The Investment Checklist: The Art of In-Depth Research



"Every wise investor will keep The Investment Checklist next to their financial instrument panel and consult it whenever they make a decision to buy or sell a stock."—Robert P. Miles, author, The Warren Buffett CEO

"Michael Shearn has written an indispensable book. It will raise the game of every investor who reads it. Fortunately, not all of them will." —Judd Kahn, co-author, Competition Demystified and Value Investing: From Graham to Buffett ...

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The Investment Checklist: The Art of In-Depth Research

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"Every wise investor will keep The Investment Checklist next to their financial instrument panel and consult it whenever they make a decision to buy or sell a stock."—Robert P. Miles, author, The Warren Buffett CEO

"Michael Shearn has written an indispensable book. It will raise the game of every investor who reads it. Fortunately, not all of them will." —Judd Kahn, co-author, Competition Demystified and Value Investing: From Graham to Buffett and Beyond

When you base your stock purchase decisions on isolated facts and don't take the time to thoroughly understand the businesses you're buying, costly investment mistakes are usually made. Instead, your investment purchases should be based on understanding the value of a business through in-depth research.

That's why Michael Shearn—founder of Time Value of Money, LP and the Compound Money Fund, LP—has created The Investment Checklist. In it, he shares the successful approach he's used over the past decade to generate and research investment ideas, assess the quality of a business and its management team, and ultimately improve his overall investment performance.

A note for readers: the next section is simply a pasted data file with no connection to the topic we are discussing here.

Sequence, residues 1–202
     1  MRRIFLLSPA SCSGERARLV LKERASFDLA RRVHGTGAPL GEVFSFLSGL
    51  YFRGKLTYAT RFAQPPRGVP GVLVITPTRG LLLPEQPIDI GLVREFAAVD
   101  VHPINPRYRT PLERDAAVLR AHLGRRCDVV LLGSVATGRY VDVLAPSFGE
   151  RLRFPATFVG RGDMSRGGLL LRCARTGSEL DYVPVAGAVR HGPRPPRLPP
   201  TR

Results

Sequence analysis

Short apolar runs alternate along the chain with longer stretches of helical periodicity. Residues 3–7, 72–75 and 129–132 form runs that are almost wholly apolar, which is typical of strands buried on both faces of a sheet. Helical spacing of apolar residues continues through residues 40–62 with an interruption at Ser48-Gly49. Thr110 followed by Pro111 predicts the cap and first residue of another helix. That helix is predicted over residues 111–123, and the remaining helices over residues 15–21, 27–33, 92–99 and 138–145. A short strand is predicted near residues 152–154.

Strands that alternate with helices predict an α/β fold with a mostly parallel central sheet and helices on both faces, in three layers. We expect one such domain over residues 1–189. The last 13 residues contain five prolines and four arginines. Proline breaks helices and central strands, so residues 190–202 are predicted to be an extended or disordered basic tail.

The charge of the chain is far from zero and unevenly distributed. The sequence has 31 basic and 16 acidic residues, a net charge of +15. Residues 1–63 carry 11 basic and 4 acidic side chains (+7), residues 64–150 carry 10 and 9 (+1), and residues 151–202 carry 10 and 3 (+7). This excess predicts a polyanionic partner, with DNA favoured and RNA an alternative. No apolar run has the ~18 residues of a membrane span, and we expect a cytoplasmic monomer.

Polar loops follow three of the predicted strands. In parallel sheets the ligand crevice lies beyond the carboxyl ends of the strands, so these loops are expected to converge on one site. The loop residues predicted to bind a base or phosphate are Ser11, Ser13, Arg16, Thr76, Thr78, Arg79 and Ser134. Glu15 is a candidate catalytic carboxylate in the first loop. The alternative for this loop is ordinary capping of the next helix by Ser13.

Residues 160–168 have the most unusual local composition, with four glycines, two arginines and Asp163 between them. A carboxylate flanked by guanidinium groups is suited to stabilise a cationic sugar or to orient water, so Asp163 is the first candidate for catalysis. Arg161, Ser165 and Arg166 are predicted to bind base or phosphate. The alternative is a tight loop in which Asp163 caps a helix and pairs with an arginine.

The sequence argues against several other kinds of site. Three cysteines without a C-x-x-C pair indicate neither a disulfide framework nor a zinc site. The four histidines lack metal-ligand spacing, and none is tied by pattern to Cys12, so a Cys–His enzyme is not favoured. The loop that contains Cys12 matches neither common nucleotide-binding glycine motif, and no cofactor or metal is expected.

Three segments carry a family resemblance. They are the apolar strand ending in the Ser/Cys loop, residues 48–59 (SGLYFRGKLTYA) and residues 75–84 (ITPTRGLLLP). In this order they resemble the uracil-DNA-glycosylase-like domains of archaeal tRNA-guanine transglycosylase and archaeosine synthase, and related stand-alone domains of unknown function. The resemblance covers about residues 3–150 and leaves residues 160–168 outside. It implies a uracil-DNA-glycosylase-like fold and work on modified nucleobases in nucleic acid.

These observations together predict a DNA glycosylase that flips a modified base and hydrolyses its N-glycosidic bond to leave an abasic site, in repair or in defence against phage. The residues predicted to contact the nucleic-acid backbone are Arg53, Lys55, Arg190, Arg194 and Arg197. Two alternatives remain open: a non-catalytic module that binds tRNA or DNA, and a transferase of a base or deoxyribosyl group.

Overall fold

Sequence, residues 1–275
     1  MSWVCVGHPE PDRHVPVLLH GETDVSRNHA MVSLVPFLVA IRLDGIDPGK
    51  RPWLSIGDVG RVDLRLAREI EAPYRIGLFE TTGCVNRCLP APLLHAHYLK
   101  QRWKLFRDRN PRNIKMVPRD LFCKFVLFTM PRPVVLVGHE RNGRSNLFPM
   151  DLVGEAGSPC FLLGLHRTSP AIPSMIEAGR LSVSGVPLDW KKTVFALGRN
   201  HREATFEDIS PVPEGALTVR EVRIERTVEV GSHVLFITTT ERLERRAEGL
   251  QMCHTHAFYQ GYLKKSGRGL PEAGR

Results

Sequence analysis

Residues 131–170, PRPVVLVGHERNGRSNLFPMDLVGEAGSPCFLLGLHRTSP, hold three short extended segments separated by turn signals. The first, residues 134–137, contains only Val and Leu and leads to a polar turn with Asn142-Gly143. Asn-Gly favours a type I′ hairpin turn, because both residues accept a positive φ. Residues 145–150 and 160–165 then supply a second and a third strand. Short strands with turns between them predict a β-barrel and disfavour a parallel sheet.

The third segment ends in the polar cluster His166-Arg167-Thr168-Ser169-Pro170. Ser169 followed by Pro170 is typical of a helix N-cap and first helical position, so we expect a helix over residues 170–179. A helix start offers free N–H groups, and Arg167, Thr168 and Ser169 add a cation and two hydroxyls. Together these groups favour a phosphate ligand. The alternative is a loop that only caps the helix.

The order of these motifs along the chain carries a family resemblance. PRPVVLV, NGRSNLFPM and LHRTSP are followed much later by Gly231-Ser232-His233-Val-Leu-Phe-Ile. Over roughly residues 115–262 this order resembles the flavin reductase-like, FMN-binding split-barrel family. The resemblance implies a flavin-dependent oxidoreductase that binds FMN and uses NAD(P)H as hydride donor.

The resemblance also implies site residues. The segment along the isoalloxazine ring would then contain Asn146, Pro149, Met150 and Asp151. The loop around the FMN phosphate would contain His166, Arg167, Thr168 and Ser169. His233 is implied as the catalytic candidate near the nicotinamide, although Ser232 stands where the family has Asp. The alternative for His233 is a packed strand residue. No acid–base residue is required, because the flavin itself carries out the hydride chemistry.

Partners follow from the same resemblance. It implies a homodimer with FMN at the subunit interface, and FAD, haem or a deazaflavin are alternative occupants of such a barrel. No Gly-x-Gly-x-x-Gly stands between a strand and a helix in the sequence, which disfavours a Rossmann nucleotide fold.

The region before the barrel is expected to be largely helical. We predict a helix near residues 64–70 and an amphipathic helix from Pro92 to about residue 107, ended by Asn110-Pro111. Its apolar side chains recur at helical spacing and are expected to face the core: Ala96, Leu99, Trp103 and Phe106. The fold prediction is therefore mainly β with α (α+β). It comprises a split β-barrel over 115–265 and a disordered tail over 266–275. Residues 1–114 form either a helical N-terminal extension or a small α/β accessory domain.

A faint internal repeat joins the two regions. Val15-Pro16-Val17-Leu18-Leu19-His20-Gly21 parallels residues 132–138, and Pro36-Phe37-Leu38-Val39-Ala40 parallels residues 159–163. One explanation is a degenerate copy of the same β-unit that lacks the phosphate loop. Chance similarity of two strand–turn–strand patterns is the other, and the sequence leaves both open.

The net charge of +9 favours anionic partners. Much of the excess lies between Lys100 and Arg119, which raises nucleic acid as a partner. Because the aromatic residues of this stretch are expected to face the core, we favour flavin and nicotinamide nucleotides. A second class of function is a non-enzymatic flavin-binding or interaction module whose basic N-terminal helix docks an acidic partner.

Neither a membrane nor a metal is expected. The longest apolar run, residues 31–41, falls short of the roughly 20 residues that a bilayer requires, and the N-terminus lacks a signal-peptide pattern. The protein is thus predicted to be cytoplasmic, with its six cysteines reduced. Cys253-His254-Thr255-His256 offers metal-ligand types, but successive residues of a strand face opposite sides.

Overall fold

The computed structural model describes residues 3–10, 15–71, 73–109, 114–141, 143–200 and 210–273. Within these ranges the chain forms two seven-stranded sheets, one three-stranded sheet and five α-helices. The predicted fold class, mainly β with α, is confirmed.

Along the way, you'll be introduced to specific "checklists" that will enhance your ability to understand the dynamics of the business you're interested in and the people operating it, value the potential investment, and make the most informed buy or sell decision possible. Each chapter also contains countless examples that show you exactly how the author's checklist has helped him make the right investment moves over the course of his successful professional career.

Whether you're just starting out and thinking about what you want to invest in, or already have a portfolio that you want to manage more effectively, The Investment Checklist has the tools and insights you need to improve your investment endeavors.

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Product Details

  • ISBN-13: 9780470891858
  • Publisher: Wiley
  • Publication date: 11/8/2011
  • Edition number: 1
  • Pages: 384
  • Sales rank: 306,829
  • Product dimensions: 6.20 (w) x 9.10 (h) x 1.30 (d)

Meet the Author

Michael Shearn founded Time Value of Money, LP, a private investment firm, in 1996, to devote his attention to selecting and researching stocks and private investments. He launched the Compound Money Fund, LP, a concentrated value fund, in 2007. Shearn serves on the Investment Committee of Southwestern University, which oversees the school's $250 million endowment. He is also a member of the Advisory Board for the University of Texas MBA Investment Fund. Shearn graduated magna cum laude from Southwestern University, a small liberal arts college in Georgetown, Texas, with a BA in business, with an emphasis in accounting and finance. He lives with his wife and two daughters in Austin, Texas.

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Table of Contents


Chapter 1: How to Generate Investment Ideas.

How Investing Opportunities Are Created.

How to Filter Your Investment Ideas.

Using a Spreadsheet to Track Potential and Existing Holdings.

Chapter 2: Understanding the Business—The Basics.

1. Do I want to spend a lot of time learning about this business?

2. How would you evaluate this business if you were to become its CEO?

3. Can you describe how the business operates, in your own words?

4. How does the business make money?

5. How has the business evolved over time?

6. In what foreign markets does the business operate, and what are the risks of operating in these countries?

Chapter 3: Understanding the Business—from the Customer Perspective.

7. Who is the core customer of the business?

8. Is the customer base concentrated or diversified?

9. Is it easy or difficult to convince customers to buy the products or services?